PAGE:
And don’t forget his “inches uber alles” ideas of how to decide which reporters to keep and which to cut: he’s basing that in part on the number of column inches each reporter produces, NOT on quality.

    So if you and I work for a daily, and I turn in lots of space-filler stories each day about local Red Cross blood drives and Veteran’s Club potluck dinners and rewritten police press releases, whereas you turn in only one story every two or three days, but they’re in-depth investigative pieces exposing some government shenanigans, *you* will likely be the one to lose your job.

    Dude should’ve gone into porn, not papers. Where else are standards so warped that Ron Jeremy is considered sexier than Brad Pitt?

  27. Sheesh, you guys are acting like there are no choices in newspapers in Los Angeles of Chicago. Bumfuck Texas maybe, but not those two cities. You don’t like Zell, don’t buy his newspapers. Duh.

  28. Matt is exactly right when he says that their “main goal is to have the local daily staffed like a state university, totally unprofitable, covering issues of most concern to … anticonsolidation activists.:

    The real agenda of the reformists (Slate’s Jack Shafer’s label for the anti-media activists) can be gleaned from the writings of Robert McChesney, the academic who mixes their Kool Aide. In his book “Rich Media, Poor Democracy” McChesney holds that you cannot have a democratic society so long as the media-no matter how many firms-are privately owned, profit-seeking and supported by American commercialism.

    What the hard core reformistas really want, it seems, is not diversity or an open debate but a media that promotes their own vision of society and the world.

  29. BC,

    So it is just like the anti-tobacco, anti oil and anti-everything else movement, they are really pissed off at others making money for something other than college research papers?

  30. Ah. Vernacular cosmopolitianism. As we become more worldly, we focus on more on local issues. Is that what the anti-consolidation activists are babbling about?

  31. The single issue of “media congolmeration” is the bellwether of liberalism’s fucking stupidity.
    That, and “hate crimes.” And “paying your fair share.” And …
    Never mind. Liberals are fucking stupid about almost everything.

  32. Zell sucks. But I’m still worried about media consolidation. If TV network “X” is part of giant conglomerate “Y” which does tons of business with the federal government, then “Y” has every reason to influence “X”.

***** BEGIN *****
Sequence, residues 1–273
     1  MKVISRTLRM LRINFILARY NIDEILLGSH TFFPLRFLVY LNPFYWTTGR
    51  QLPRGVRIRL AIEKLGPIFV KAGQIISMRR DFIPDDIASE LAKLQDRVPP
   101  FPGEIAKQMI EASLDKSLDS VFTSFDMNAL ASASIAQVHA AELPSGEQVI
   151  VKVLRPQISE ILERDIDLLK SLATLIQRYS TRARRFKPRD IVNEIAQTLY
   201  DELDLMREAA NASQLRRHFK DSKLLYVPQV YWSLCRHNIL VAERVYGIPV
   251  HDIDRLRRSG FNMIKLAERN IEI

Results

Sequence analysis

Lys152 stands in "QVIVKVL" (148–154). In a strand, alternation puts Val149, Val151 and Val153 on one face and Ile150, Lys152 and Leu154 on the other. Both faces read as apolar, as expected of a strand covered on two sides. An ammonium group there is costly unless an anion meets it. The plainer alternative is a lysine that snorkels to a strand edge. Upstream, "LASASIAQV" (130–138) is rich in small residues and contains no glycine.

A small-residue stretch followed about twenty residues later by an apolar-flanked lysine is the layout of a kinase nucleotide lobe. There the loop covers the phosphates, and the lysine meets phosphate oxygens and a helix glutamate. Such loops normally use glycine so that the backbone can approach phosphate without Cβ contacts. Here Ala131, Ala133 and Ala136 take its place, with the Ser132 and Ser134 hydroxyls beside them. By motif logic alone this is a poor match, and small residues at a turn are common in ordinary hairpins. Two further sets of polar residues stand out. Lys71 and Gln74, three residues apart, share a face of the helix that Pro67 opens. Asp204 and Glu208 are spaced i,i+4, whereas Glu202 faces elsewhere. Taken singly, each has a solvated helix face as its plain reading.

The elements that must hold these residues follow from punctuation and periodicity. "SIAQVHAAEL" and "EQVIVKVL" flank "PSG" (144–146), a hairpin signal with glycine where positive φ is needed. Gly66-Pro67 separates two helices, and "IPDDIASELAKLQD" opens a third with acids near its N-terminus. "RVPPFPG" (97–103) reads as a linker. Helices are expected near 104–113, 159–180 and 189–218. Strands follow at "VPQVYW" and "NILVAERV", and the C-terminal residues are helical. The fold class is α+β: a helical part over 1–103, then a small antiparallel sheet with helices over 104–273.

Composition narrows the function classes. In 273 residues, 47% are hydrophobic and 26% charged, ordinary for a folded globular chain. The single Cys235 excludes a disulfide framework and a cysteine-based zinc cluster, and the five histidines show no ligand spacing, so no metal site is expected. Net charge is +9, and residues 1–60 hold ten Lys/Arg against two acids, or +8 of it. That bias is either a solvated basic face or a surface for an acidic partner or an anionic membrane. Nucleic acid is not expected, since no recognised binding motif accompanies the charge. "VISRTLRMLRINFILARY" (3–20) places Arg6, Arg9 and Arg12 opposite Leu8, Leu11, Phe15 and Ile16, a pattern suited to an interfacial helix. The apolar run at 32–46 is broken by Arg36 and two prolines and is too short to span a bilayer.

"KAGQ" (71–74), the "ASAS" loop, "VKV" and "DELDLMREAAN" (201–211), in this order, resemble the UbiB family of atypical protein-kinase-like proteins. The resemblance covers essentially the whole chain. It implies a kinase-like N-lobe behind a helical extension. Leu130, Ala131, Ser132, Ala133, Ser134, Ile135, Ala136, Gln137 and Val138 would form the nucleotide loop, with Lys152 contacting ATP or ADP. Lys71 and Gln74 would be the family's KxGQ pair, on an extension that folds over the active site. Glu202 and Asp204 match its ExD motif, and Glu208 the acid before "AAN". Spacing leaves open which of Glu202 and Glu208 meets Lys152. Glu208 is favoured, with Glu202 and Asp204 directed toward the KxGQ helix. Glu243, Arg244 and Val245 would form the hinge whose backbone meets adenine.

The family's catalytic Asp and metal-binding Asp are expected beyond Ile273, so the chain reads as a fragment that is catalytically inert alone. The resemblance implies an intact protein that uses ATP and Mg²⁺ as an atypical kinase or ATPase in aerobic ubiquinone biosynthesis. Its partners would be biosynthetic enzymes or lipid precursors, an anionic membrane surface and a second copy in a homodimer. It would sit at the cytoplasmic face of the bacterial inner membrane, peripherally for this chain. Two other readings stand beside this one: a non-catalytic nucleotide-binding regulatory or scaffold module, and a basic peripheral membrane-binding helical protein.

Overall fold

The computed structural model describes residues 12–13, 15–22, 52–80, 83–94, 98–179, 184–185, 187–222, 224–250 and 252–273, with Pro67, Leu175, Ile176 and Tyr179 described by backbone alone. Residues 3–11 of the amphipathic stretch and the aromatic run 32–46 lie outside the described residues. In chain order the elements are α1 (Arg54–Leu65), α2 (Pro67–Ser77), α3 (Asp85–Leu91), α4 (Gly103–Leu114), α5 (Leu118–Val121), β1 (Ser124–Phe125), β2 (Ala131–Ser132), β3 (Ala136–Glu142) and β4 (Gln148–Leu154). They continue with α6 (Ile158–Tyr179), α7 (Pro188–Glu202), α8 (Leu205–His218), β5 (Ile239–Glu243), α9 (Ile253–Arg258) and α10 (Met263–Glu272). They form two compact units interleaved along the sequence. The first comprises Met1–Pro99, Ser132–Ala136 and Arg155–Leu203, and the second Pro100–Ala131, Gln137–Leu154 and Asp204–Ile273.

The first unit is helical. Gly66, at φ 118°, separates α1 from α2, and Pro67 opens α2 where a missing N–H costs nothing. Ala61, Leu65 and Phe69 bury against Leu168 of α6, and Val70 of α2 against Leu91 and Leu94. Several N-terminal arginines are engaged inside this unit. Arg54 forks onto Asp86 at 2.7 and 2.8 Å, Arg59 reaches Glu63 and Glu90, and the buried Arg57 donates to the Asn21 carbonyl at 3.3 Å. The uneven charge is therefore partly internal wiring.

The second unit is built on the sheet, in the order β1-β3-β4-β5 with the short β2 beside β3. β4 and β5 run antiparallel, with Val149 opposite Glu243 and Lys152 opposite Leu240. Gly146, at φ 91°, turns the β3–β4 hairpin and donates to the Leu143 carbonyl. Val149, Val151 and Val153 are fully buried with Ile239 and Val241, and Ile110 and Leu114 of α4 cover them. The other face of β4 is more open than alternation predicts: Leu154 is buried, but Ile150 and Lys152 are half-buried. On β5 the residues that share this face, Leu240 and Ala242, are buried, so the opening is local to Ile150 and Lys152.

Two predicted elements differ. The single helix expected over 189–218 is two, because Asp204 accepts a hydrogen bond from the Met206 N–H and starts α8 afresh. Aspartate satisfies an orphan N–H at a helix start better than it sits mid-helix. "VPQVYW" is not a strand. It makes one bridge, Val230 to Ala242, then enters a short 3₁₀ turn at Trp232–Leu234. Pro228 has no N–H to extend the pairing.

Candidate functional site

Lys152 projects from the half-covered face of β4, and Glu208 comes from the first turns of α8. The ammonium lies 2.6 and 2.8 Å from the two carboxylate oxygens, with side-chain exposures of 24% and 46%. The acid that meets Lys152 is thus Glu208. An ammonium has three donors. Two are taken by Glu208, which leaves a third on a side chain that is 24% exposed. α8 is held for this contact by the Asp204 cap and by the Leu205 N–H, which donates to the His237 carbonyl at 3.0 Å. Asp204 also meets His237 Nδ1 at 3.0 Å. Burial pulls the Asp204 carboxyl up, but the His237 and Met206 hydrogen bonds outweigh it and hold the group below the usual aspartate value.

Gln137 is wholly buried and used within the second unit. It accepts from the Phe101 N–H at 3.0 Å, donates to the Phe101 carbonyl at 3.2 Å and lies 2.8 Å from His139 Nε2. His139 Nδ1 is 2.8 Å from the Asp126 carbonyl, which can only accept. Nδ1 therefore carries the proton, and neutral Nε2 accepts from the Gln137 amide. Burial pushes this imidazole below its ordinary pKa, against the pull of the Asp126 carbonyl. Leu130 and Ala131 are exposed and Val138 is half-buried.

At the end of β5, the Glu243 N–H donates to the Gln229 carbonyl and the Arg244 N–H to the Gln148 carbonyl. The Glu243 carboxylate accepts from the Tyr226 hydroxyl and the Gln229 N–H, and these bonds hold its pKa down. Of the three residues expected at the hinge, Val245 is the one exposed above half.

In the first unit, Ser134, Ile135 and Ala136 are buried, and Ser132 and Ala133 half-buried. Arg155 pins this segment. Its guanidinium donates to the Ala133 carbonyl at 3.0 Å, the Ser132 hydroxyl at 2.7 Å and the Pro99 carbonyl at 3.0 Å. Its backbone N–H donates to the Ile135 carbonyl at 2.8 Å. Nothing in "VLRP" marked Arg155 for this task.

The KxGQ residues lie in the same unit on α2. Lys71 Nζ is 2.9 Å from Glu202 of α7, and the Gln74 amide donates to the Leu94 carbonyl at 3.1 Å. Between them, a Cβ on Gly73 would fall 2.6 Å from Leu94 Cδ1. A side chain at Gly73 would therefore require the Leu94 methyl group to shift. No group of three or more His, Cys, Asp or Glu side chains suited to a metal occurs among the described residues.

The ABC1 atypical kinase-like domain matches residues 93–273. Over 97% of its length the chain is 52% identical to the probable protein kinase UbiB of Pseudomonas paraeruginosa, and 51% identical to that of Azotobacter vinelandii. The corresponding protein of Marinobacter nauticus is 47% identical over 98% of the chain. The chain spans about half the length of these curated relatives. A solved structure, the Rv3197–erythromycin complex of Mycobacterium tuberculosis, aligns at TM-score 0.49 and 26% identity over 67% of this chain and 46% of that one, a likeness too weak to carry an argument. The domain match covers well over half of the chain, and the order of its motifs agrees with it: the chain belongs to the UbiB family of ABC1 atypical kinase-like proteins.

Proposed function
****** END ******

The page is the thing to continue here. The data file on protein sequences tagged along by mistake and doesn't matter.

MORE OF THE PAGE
And remember when Clear Channel took the Dixie Chicks of every single radio station in their vast empire as punishment for a single sarcastic dig at the president? That’s not government censorship, but it’s the next best thing.

    At best, it has a chilling effect. At worst, like in China, it’s a private-public conspiracy where big companies trade favorable treatment for self-censorship. I don’t know what to do about it, but it sure doesn’t seem healthy for the nation.

  33. As long as Zell sells the Cubs to Mark Cuban, he’s OK by me.

  34. Most of the layoffs I’ve read about haven’t been in Iraq. They’re local journalists.

    Um, that’s because the layoffs aren’t being done by the Chicago people. They’re being done by the management of the papers themselves – i.e., the same people who were running the papers into the ground years before Sam Zell arrived. You can blame Zell’s boys for not keeping closer watch on how the layoffs are being done (and believe me, the L.A. Times should, and will, cut another 150. In fact, they should cut 250 more just to set an example); but the decisions are being made in all departments just they way they’ve always been made: A bunch of useless alter kockers lock themselves in a conference room and figure out how they can make the head count by eliminating support staff, entry-level kids, productive staffers who are actually adding value to Tribune Company, and anybody else under the age of 100.

    And “taking on too much debt” is just another way of saying “paid too much.” If Zell is dumb, it’s because he let Tribune mislead him about how much their diseased properties were worth. The L.A. Times is valued at about $700 million in today’s market. That’s half what David Geffen allegedly offered for it a year or so ago. It hasn’t declined in value that much in only a year; its very modest worth was disguised by its being part of the Tribune empire.

    How is any of this Sam Zell’s fault? You can blame him for not realizing what a hornet’s nest he was walking into; but since he made the original error of buying the property at all, his actions have been correct and necessary steps to try and save a bunch of businesses that don’t really want to be saved.

    And I say that as one of the “victims” of his cost-cutting genocide. It is infuriating to see how the people who destroyed the Tribune properties are deflecting blame to the one guy who is trying to save their sorry asses.

  35. And “taking on too much debt” is just another way of saying “paid too much.”

    It’s a way of saying “bought something he couldn’t afford.” And the force of his folly is compelling a bunch of sickly properties to make themselves worse. The newspaper strategy for survival in Zelltime can be boiled down to two words: “Flail harder!”